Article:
Barbara C. Heald
Captain, United States Air Force
United States Department of Defense
A rocket killed two and injured five January 29, 2005, when it hit the U.S. Embassy complex in Baghdad on the eve of the Iraqi election. The projectile crashed through the roof of a portion of the building housing the reconstruction Project and Contracting Office.
The 120 mm round came smashing through the ceiling of a ballroom in the former Republican Palace about 8 p.m. on January 29. The room has been temporarily converted into a warren of work spaces for the contracting operation. The missile then crashed through the floor about 18 ft below. There is debate about whether it exploded, says Charlie Hess, the PCO director. An investigation is under way.
"From what we know it was the impact, not an explosion that killed them," says Hess, "It could have been much deadlier—if you are one of the folks who think it didn't explode. There are always could-have-beens," he added.
Killed were Navy Lieutenant Commander Keith E. Taylor, 47, of Irvine, California, and Barbara C. Heald, 60, of Falls Church, Virginia. Heald was a Dept. of Defense civilian employee.
"They were great people," says Hess. "Very, very dedicated, valuable assets to our operation. Barbara, this was her third tour over here. She came over in the very early days. Keith was a fairly newcomer, but was also very dedicated and an important component of our First Response Team," he says.
The First Response Network is a secure, national communications network for emergency first responders that is being developed under the reconstruction program by Lucent Technologies, Hess explained. Taylor, who had been in Iraq since October 6, 2004, was the PCO's chief contracting officer for transportation and communications. He also dealt with contracts for water-treatment plants and schools. Hess says Taylor and the rest of the First Response Network team had just finished celebrating the launch of the network's first citywide coverage area, which blankets Baghdad with communications from 28 transmission towers. Fifteen other cities will be included in the system by August, which will have a national dispatch center operated by the Iraqi Ministry of Interior.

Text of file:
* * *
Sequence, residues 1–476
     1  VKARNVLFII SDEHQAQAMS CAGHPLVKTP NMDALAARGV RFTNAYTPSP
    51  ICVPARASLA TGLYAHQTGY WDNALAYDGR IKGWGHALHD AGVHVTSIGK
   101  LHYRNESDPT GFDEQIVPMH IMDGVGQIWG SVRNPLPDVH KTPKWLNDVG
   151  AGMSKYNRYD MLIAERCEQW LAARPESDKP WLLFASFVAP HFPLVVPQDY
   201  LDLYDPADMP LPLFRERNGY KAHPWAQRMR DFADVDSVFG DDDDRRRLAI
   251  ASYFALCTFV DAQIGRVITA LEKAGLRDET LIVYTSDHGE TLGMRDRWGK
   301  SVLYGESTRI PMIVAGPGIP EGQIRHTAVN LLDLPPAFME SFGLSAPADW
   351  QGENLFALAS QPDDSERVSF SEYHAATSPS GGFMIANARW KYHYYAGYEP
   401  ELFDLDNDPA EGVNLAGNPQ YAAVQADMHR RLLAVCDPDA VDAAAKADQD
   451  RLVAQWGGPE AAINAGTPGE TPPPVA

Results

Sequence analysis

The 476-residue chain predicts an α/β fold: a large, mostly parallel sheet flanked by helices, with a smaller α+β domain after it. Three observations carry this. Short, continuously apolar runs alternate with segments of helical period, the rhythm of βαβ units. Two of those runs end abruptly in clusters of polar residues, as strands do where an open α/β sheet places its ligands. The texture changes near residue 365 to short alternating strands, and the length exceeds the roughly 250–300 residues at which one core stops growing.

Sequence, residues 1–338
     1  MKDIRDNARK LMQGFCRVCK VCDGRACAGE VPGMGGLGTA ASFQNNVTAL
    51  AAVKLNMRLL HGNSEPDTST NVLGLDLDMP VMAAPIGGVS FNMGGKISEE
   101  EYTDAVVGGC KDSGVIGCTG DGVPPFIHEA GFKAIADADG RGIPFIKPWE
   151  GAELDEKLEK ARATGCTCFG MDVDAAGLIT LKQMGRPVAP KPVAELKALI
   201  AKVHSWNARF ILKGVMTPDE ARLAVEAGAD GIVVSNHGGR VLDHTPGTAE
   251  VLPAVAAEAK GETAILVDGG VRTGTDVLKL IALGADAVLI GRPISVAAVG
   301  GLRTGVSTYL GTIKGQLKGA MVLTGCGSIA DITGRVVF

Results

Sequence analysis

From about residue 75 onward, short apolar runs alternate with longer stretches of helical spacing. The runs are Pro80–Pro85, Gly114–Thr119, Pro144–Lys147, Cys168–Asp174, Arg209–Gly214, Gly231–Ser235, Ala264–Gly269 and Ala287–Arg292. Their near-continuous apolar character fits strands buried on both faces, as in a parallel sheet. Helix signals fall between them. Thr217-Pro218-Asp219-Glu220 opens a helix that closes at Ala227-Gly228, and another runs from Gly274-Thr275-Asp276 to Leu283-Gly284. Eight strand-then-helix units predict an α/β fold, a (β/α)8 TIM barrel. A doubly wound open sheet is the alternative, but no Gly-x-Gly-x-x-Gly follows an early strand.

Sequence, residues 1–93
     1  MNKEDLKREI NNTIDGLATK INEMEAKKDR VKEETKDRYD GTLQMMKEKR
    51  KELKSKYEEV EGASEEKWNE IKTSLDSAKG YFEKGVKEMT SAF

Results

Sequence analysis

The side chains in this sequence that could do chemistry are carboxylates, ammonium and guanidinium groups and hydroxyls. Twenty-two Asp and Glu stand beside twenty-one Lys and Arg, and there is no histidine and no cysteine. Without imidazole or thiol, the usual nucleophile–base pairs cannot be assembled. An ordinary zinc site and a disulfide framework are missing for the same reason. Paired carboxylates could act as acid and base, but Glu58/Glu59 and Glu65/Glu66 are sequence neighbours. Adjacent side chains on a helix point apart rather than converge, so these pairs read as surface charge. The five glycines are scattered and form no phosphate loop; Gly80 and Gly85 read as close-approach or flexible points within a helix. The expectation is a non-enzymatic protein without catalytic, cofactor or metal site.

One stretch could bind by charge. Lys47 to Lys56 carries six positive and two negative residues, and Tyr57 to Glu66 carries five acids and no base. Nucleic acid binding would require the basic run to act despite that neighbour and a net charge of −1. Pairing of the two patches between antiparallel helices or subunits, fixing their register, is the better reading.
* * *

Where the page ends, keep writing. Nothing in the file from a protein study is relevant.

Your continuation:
Taylor had five weeks left on a six-month deployment. A wife and three young daughters survive him. Funeral arrangements are private, according to a U.S. Navy spokeswoman.
Heald, who leaves behind three grown stepchildren, was a contract negotiator, working predominately in the oil sector, Hess says.
Her brother, John Heald, described his sister "a wonderful, vibrant, delightful, irrepressibly positive woman," and adds that she was also a "ferocious knitter"—to the point of posing for a photo in Baghdad with a knitting magazine in hopes of getting the picture published for its "unusual setting. He says Heald's co-workers will hold a memorial service in the 9/11 Chapel at the Pentagon on February 3. Burial will be in Arlington National Cemetery.
Heald's sister, Margaret Geis, of Yuma, Arizona says Heald was devoted to the reconstruction effort and stayed with it because "she wanted to be a part of history."
A close friend, Gabriele Mecca, also of Falls Church says before leaving for her third tour in Baghdad, Heald told her 'It is very dangerous, but I am not minding the danger. I really, really believe in what we are doing,' Mecca recalled. "She really felt very dedicated to the job. She was such a professional," Mecca says.
The army reports seven suspects were captured after the attack. "Apparently they were able to do a back-trace on the trajectory of the missile," Hess says. "I presume they used night vision equipment to identify people leaving the site and they followed them and captured them."